For May Day: WPA Vaudeville

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Well, it’s May the first, May Day, International Workers Day, so here’s a post for all you goddamn rotten, stinkin’ commies.

Today we acknowledge the vaudeville shows that were produced under the supervision of the Variety Unit of the Federal Theatre Project (1935-1939), which was a branch of the Works Progress Administration (WPA), which was a program of FDR’s New Deal. H’m…five separate levels of bureaucracy…sounds efficient!

Still, the program was instituted in the DEPTHS of the Great Depression, and several years after the vaudeville circuits had really died. Some entertainers who really needed a job badly got one, and lots of suffering Americans got free entertainment at parks, schools, hospitals, local halls and theatres etc. Rather than a proper vaudeville circuit with ever changing bills, the Variety Unit sent around vaudeville revues of the type Weber and Fields had organized (for profit) over 30 years earlier. It was a make-work program, but it served its (temporary) purpose.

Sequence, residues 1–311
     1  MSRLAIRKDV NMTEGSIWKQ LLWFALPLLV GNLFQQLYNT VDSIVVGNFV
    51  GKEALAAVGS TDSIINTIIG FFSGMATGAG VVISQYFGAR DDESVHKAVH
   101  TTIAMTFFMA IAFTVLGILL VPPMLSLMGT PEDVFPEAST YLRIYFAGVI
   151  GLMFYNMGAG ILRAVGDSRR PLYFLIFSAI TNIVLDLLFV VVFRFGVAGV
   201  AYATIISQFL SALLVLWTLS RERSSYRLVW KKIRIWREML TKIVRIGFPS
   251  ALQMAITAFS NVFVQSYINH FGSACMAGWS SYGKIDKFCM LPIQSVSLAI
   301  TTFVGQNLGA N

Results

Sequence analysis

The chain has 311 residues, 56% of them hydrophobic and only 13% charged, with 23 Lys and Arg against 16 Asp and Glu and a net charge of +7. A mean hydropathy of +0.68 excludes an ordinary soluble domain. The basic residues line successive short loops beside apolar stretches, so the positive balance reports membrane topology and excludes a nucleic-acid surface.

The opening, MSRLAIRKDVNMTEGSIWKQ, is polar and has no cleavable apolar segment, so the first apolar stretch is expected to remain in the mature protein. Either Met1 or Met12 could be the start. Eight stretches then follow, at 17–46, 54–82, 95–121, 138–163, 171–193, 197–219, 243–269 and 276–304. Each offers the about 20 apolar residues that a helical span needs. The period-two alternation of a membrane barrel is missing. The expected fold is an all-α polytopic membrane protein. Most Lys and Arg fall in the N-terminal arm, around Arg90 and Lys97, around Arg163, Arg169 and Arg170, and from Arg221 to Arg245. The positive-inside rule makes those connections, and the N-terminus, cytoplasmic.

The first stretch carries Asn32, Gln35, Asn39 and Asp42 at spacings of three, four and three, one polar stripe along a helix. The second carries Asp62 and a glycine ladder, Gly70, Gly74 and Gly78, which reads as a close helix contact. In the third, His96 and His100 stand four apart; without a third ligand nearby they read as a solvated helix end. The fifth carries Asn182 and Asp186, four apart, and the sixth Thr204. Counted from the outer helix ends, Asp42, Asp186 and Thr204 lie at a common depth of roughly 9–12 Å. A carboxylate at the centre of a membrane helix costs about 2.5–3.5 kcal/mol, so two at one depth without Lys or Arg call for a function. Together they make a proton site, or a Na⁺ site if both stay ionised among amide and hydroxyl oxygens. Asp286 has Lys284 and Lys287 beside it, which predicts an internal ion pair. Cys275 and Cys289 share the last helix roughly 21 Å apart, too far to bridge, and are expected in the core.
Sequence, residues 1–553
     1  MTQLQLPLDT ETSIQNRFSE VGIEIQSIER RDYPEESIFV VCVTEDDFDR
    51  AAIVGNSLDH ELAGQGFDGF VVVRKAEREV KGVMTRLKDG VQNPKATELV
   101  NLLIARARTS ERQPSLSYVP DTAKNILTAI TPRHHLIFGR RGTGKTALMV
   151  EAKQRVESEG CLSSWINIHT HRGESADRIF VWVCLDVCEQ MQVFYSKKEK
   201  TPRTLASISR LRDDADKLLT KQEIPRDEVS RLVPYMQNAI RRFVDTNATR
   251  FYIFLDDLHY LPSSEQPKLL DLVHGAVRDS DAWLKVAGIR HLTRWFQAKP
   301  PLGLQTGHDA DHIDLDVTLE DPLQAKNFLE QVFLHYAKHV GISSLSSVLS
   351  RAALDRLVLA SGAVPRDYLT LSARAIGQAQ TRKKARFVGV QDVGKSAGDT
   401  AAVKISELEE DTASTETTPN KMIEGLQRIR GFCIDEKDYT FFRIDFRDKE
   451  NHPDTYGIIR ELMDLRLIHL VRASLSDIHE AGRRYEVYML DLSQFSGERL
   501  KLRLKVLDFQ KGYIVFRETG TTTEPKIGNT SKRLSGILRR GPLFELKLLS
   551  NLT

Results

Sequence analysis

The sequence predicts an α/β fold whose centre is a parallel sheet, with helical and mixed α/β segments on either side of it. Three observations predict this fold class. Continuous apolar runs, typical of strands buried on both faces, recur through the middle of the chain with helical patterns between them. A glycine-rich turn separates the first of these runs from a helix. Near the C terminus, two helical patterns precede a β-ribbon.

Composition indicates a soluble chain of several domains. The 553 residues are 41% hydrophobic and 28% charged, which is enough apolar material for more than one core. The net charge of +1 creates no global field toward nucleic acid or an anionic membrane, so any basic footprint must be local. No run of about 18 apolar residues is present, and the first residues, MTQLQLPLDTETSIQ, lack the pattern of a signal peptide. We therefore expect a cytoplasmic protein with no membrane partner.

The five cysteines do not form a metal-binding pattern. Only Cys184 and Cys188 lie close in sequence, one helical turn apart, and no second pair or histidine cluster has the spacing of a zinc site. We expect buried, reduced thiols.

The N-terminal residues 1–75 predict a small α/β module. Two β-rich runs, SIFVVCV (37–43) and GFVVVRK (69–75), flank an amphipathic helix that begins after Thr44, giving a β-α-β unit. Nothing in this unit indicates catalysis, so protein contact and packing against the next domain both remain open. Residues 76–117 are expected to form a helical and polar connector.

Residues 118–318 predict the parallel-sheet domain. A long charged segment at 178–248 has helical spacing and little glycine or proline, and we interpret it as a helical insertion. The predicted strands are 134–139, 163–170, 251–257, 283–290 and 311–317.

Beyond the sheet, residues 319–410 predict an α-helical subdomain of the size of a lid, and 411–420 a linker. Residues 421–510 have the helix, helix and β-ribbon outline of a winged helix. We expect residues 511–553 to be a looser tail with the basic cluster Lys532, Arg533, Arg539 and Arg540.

But one can’t help observing that the original vaudeville was a 100% capitalist enterprise from stem to stern. Without freedom for its managers to operate, in every conceivable direction (including the exploitation and harsh treatment of its workers) it never could have, and never would have, existed. And then, that same capitalism went and killed vaudeville, made it obsolete. But then replaced it with movies, radio, television, and the thing you’re staring into right now. The lesson? Capitalism: sometimes good, sometimes bad. Socialism? Sometimes bad, sometimes less obviously bad.

Workers of the World, Unite! You have nothing too lose but your brains!

To find out about  the history of vaudevilleconsult No Applause, Just Throw Money: The Book That Made Vaudeville Famous, available at Amazon, Barnes and Noble, and wherever nutty books are sold.

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